Well, from my own experience I would suggest that you first focus on the content, then again on the content and after that, on the content. At the very end, you might play around with different styles and packages to modify the appearance of your text. With a long term project like a book it is very important to get not too much distracted by unimportant ...
Please add your resources to this answer!
A Short Introduction to LaTeX2ε by Tobias Oetiker et al. (online, but also included in MiKTeX and TeX Live)
Bulgarian, Chinese, Czech, Dutch, English, Finnish, French, German, Italian, Japanese, Korean, Mongolian, Persian, Polish, Portuguese, Brazilian Portuguese, Russian, Slovak, Slovenian, Spanish, ...
Final Status October 2013 --- eBook is now available with a special promotion price until the end of the year
I'm happy to announce that there is finally an eBook version of "The LaTeX Companion, 2ed" available. It was a rather challenging exercise due to the many examples in the book and the need to reproduce the example output faithfully on that media. ...
If you're already familiar with (LaTeX), then I would heartily recommend just starting to write (as Yiannis says), but with the memoir class (which you can read up on in parallel as the work evolves), rather than book.
Memoir includes two really good manuals: The Memoir Class for Configurable Typesetting is a combination of good typography and how-to-do-it, ...
TeX is an interpreter and macro processor (the canonical implementation of which written in WEB, a dialect of pascal) it takes in text files consisting of text and macros, and font files (and a few other possible things) and expands the macros and evaluates some expressions defined in the TeX syntax and produces a file description of a sequence of typeset ...
Also worth reading:
“LaTeX for Complete Novices” by our highly esteemed TeX.SE member Nicola Talbot.
It’s available in the WWW on http://www.dickimaw-books.com/latex/novices/, where you can get 3 PDF versions (2 different paper formats and a version for screen viewing), a HTML version and the sources.
Very recently the A4 PDF version was also added ...
You can have a look at Knuth's Guide to Mathematical Typography, it is a bit different, but consider it as a guide by example. For example it helped me to solve Should one use thousands separators in equations?. (See also http://tex.loria.fr/typographie/mathwriting.pdf).
P.R Halmo's How to Write Mathematics is also good, although not concentrating on ...
This is the part of the documentation where ConTeXt is indeed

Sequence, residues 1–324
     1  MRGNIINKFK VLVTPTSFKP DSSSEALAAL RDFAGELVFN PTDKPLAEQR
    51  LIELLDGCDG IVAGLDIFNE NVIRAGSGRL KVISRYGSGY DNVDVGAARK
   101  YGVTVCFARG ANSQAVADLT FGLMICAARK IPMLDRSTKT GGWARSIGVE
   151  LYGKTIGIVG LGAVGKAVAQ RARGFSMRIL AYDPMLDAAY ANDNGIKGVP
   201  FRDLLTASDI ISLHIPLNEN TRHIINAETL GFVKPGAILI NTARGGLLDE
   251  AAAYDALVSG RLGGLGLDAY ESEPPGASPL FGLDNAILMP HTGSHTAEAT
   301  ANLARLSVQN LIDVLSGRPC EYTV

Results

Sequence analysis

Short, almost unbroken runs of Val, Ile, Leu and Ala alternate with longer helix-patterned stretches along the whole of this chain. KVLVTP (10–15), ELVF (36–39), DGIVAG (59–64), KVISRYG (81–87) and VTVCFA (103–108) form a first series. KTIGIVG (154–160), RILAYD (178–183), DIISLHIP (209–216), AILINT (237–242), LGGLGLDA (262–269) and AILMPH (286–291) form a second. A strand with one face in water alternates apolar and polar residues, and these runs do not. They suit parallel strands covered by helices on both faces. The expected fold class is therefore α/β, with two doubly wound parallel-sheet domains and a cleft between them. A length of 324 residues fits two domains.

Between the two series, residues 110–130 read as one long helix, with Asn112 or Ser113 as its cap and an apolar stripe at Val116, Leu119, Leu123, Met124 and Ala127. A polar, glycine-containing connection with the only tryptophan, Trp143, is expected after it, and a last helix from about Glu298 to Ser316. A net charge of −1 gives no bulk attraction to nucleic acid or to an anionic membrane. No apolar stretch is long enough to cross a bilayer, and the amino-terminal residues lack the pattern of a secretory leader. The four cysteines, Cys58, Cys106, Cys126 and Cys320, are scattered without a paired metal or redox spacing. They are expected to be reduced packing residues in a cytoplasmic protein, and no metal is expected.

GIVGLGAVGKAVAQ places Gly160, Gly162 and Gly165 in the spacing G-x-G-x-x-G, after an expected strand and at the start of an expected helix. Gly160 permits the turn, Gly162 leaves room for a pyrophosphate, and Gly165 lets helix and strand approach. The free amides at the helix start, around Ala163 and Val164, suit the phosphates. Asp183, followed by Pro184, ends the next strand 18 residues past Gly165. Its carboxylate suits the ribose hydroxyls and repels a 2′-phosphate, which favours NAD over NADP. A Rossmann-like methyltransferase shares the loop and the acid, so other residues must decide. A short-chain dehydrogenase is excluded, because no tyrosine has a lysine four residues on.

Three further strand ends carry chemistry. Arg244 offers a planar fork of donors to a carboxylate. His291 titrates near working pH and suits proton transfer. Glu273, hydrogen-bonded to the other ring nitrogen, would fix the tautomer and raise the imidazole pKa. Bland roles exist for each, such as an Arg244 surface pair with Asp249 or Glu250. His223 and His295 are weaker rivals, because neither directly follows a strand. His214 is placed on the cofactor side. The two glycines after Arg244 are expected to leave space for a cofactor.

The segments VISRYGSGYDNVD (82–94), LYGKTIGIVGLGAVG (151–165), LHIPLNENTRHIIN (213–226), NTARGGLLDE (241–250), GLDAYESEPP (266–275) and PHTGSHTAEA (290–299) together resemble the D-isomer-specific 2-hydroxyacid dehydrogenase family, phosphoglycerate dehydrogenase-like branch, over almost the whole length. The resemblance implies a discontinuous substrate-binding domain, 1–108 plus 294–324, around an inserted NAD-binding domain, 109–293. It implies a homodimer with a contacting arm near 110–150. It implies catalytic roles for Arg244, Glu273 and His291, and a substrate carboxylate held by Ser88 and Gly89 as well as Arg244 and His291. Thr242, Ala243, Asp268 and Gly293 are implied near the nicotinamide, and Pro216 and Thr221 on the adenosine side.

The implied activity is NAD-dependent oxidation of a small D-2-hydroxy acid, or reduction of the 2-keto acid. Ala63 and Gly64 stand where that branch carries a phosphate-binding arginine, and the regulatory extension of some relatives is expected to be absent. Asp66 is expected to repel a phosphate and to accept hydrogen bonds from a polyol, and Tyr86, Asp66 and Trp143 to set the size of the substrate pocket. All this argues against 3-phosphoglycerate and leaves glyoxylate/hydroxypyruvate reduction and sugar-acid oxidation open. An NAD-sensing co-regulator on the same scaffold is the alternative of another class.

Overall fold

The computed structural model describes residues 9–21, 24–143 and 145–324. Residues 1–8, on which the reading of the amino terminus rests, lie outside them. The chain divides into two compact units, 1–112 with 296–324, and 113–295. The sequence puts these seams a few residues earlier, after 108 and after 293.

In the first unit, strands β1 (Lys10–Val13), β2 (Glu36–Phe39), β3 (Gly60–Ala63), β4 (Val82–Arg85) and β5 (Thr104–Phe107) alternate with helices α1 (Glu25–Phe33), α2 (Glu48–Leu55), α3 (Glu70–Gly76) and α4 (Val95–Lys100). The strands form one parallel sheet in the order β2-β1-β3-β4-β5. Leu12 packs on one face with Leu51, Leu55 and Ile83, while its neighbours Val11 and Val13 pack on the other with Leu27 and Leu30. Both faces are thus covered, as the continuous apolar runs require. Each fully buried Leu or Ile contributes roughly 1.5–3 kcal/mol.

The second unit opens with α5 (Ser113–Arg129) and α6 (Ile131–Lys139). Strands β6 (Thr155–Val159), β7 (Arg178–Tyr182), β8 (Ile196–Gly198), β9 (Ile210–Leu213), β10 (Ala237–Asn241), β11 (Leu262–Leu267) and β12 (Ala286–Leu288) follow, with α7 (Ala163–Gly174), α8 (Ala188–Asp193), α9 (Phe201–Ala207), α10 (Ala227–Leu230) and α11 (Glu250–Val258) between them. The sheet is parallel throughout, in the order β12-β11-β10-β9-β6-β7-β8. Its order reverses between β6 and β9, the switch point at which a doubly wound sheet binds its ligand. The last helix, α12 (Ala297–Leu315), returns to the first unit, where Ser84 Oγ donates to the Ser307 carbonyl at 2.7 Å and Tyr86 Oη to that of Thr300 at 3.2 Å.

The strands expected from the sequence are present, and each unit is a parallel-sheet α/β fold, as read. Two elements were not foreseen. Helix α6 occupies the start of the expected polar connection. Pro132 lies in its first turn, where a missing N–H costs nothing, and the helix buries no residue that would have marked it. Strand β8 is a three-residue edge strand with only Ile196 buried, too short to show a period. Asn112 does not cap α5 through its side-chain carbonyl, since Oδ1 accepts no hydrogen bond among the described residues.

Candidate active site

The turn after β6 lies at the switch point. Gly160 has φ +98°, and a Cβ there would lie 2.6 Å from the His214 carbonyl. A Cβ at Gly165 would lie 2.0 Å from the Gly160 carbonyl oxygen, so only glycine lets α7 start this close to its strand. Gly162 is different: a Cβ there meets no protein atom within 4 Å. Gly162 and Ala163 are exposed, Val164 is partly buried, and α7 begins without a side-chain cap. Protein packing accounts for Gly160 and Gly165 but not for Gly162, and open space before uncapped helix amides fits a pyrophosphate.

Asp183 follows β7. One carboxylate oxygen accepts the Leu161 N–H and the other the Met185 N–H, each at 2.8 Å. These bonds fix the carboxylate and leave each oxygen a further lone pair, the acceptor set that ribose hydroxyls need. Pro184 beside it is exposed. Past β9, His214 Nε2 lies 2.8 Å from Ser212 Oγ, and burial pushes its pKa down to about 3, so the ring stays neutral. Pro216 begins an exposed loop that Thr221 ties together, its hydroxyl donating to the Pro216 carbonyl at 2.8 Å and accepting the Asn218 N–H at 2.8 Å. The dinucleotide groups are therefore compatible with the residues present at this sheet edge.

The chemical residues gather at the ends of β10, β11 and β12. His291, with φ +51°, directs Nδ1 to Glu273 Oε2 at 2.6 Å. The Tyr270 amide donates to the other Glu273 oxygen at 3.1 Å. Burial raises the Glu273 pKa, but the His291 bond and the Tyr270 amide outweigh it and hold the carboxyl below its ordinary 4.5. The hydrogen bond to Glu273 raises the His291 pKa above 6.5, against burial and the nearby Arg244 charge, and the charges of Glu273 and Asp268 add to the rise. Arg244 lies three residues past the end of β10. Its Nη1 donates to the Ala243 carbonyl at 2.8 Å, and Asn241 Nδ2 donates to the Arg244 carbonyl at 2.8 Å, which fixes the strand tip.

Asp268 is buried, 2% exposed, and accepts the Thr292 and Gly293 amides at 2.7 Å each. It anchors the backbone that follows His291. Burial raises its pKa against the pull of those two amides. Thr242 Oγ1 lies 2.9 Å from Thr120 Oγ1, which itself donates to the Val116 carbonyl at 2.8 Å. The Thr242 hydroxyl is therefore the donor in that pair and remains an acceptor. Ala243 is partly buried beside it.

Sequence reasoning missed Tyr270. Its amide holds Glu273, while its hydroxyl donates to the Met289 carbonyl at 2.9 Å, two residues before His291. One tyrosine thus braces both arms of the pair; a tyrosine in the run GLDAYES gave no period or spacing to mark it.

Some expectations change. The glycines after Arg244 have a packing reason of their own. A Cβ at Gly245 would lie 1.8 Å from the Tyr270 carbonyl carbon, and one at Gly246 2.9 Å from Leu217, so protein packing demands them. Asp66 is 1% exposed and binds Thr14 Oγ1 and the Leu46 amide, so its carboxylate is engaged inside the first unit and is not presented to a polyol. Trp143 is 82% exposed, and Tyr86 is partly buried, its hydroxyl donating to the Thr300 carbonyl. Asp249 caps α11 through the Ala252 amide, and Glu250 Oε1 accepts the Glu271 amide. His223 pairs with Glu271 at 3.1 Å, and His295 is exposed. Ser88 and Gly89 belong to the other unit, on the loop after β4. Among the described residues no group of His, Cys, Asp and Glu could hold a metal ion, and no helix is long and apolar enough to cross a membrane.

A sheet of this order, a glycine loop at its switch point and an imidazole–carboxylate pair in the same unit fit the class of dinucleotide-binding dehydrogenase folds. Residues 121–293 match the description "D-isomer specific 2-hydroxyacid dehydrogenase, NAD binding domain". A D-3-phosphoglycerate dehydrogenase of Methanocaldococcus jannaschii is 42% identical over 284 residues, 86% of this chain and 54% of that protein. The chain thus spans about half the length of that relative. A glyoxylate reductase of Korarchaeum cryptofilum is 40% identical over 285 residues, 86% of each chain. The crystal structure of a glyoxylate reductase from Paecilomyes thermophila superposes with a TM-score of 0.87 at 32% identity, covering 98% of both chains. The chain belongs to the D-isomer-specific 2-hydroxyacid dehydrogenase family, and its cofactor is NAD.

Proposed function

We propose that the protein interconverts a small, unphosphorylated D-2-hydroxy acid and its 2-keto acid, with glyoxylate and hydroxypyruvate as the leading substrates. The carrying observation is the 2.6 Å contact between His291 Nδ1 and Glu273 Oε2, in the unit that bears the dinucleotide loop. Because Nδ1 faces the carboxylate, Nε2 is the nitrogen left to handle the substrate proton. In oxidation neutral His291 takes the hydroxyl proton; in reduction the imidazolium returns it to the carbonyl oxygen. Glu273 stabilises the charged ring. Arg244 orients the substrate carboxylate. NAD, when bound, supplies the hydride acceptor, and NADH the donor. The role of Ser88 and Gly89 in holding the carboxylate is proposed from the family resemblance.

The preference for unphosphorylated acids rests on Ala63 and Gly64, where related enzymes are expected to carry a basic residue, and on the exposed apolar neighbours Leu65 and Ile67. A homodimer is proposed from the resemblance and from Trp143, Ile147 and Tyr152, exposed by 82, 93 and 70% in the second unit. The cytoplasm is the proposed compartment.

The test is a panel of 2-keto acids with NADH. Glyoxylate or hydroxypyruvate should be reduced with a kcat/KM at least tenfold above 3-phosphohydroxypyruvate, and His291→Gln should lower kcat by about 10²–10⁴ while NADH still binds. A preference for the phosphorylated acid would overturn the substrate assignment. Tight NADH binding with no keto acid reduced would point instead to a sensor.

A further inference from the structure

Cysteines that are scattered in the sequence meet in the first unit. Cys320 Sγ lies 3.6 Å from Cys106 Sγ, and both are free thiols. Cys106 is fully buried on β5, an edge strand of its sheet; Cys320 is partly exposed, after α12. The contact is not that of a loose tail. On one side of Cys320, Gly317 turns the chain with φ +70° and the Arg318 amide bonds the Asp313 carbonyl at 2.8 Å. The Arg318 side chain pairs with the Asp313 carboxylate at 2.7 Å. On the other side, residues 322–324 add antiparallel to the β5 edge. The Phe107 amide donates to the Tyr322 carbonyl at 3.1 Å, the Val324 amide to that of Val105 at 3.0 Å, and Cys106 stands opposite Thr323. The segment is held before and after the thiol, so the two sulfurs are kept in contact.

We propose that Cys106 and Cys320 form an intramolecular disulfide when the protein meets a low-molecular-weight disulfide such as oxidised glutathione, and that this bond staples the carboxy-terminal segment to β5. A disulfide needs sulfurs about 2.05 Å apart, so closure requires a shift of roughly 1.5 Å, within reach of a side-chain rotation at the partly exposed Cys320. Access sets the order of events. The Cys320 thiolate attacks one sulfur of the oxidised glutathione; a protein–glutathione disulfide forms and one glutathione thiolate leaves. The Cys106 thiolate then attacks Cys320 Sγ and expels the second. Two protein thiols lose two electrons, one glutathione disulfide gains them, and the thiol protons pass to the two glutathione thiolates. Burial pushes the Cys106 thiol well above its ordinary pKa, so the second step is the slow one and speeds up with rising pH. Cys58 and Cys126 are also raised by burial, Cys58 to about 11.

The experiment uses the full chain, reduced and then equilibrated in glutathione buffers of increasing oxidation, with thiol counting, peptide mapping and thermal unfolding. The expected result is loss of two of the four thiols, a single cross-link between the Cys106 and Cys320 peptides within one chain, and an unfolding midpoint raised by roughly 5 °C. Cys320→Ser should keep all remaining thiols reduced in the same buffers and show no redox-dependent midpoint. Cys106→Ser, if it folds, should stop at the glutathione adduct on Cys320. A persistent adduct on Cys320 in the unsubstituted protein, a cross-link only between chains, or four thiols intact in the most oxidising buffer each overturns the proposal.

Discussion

seriously lacking. There seems to be no good and complete
introductory book for ConTeXt, while there exist literally hundreds of
more or less good books for LaTeX. But do not despair,
there is still a way for a beginner to start getting into ConTeXt and
here is how.
A personal list of list for heavy LaTeX users:
More Math into LaTeX, 4ed. (easier)
A Guide To LaTeX, 4ed.
Digital Typography Using LaTeX. Springer.
The LaTeX Companion, 2ed.
The LaTeX Graphics Companion, 2ed.
And more: Many documents of LaTeX packages (user-level).
A personal useful book list for macro writers:
TeX by Topic. (...
“Dear Polish friends: I’m doubly sorry”, Knuth wrote at the top of a macro! “I’m doubly sorry that I have only a crude approximation to an ogonek”; and he went and drafted a macro to make an ogonek.
Now that was not a symbol that either appeared frequently or formed part of the mathematics of the paper. It was only required in the last two references, out ...
That's a tall order and there aren't many books that would fit (and none perfectly that I know of). But here we go:
Knuth: Digital Typography. Interesting set of papers by Don written about typesetting and his thoughts on it.
Papers and talks
Probably some papers in old tugboats available from tug.org, again it might be difficult to find them in ...
Books about (La)TeX
Tout ce que vous avez toujours voulu savoir sur LaTeX sans jamais oser le demander
Vincent Lozano's Tout… sur LaTeX is licenced under the licence art libre, typeset using LaTeX. An introduction book in French, clear and whose reading is rather easy.
pdf for screen
pdf to print
sources with figures
sources witout figures
buy a hardcopy
Knuth created a great little macro package; it should be in your local TeX installation as manmac.tex. He used it for the TeXbook. Reading it is very instructive. He does things like footnotes, inserts, and figures. There's a "proof mode" which changes the behavior of some things while you're proofing a manuscript. He has the proper macros for setting fonts ...
My perspective only